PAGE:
Friday, December 16, 2011

Vayetze (Wanderings)

“… and Its Top Reaching to the Heavens”

This week I originally thought of writing “A Tale of Two Sisters” to complement last week’s essay about the two brothers, Esau and Yaakov, and noting the similarities, parallels, contrasts, etc., between them—and there are such. But then I realized that, as a man, and as one who grew up in a family with three sons and no daughters (even though in my adult life I’ve been connected to mostly female families), I feel that I don’t really understand women’s interaction with one another. Add to that the fact that the subject in this week’s parashah is the competition between two sisters to bear children within a bigamous or polygamous household—a reality alien to just about everyone except for certain schismatic Mormons, Black Israelites, pre-State Yemenites, and followers of Goel Ratzon and such-like cults—I decided instead to focus upon the opening scene in the parashah.

Jacob’s vision or dream of the Ladder (Gen 28:10-22) is one of the paradigmatic visionary scenes in the entire Bible, certainly in Genesis (albeit Rambam has suggested that the reason Yaakov saw this dream–vision was because at this point in his life he was on a lower stage than the other patriarchs, who engaged in direct, ordinary-seeming conversations with God). The account of the vision is divided into three parts:

1. The Vision: vv. 10-15. Yaakov arrives at a certain place, lies down to sleep after gathering some stones together as a rudimentary pillow, and sees in a dream-vision a ladder or staircase ascending to the heavens with angels ascending and descending. God, who is standing at the top, offers him words of personal blessing, comfort and assurance in his difficult situation (fleeing his murderous brother and leaving behind family and everything he has ever known). There is something very immediate and striking about this picture. Jungians might say that the imagery of the ladder connecting heaven and earth is a kind of eternal symbol, intuitively understood by the human unconscious: the reality of the ascent to God, and the availability of the Divine, alongside the seemingly mundane journeys in the physical world.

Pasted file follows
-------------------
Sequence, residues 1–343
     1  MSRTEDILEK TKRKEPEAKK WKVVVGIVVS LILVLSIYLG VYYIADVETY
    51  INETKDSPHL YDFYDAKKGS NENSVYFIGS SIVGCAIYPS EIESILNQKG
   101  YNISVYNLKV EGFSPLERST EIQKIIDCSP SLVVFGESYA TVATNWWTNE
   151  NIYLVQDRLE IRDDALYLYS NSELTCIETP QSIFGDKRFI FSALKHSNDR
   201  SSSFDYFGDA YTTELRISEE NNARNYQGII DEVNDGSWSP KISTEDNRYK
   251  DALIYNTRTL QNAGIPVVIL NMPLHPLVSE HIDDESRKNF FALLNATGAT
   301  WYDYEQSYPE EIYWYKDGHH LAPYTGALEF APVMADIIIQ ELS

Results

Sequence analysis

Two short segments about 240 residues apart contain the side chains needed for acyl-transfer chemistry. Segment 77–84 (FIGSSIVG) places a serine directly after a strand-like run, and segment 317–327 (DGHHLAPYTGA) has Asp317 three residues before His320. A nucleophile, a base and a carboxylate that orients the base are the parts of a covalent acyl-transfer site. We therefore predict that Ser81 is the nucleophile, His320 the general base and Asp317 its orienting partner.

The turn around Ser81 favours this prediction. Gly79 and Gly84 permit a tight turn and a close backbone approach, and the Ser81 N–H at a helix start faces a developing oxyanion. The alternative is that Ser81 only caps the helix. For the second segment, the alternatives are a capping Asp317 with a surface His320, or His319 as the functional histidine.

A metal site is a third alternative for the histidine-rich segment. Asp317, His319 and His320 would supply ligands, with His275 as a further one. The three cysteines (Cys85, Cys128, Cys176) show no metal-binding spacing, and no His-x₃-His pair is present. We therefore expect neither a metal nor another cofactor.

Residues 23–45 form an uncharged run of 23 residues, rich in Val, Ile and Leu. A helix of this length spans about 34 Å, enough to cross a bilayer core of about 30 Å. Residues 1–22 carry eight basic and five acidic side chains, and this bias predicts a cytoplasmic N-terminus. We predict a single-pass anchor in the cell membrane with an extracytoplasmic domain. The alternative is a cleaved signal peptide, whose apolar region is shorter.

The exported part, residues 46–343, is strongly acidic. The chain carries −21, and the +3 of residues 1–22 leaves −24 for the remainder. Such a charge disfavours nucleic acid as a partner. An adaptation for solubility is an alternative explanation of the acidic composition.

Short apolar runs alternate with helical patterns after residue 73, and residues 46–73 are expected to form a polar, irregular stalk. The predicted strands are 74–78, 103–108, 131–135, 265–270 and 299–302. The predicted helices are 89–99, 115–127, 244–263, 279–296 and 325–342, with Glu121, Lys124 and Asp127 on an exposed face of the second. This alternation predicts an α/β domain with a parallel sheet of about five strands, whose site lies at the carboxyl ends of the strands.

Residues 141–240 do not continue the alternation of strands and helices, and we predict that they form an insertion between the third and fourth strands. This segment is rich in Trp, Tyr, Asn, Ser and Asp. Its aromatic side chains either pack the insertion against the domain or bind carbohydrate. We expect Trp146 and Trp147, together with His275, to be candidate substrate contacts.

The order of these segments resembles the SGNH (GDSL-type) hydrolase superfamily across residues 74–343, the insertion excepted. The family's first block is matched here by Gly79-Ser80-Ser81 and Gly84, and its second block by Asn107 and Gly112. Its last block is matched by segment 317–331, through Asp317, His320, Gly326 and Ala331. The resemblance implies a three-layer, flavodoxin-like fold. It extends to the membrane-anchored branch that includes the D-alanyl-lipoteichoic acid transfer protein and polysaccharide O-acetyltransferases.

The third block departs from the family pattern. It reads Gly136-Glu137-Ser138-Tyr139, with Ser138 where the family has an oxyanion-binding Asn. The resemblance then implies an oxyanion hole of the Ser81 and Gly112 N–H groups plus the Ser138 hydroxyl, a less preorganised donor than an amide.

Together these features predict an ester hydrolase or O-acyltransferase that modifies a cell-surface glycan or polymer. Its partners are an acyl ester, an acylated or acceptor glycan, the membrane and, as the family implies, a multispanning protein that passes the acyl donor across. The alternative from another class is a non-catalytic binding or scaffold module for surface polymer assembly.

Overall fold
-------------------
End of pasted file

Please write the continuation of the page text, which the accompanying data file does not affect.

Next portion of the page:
2. Jacob wakes up: vv. 16-17. The Hebrew word used here, va-yikatz, is an unusual one, used specifically to refer to someone who awakens suddenly in the middle of the night, often from a dream (compare the description of Pharaoh’s two dreams in 41:4, 7, and 21), differing from the words usually used to describe waking early in the morning to begin one’s day, vayashkem (appearing two verses later, as well as in Gen 19:27, 21:14, 22:3, 28:18 and in many other places) or vayakom. Va-yikatz has a connotation of something sudden, even shocking, and is perhaps related to such verbs as קצה, קצץ, and קצר, which relate to cutting, harvesting, or coming to an end.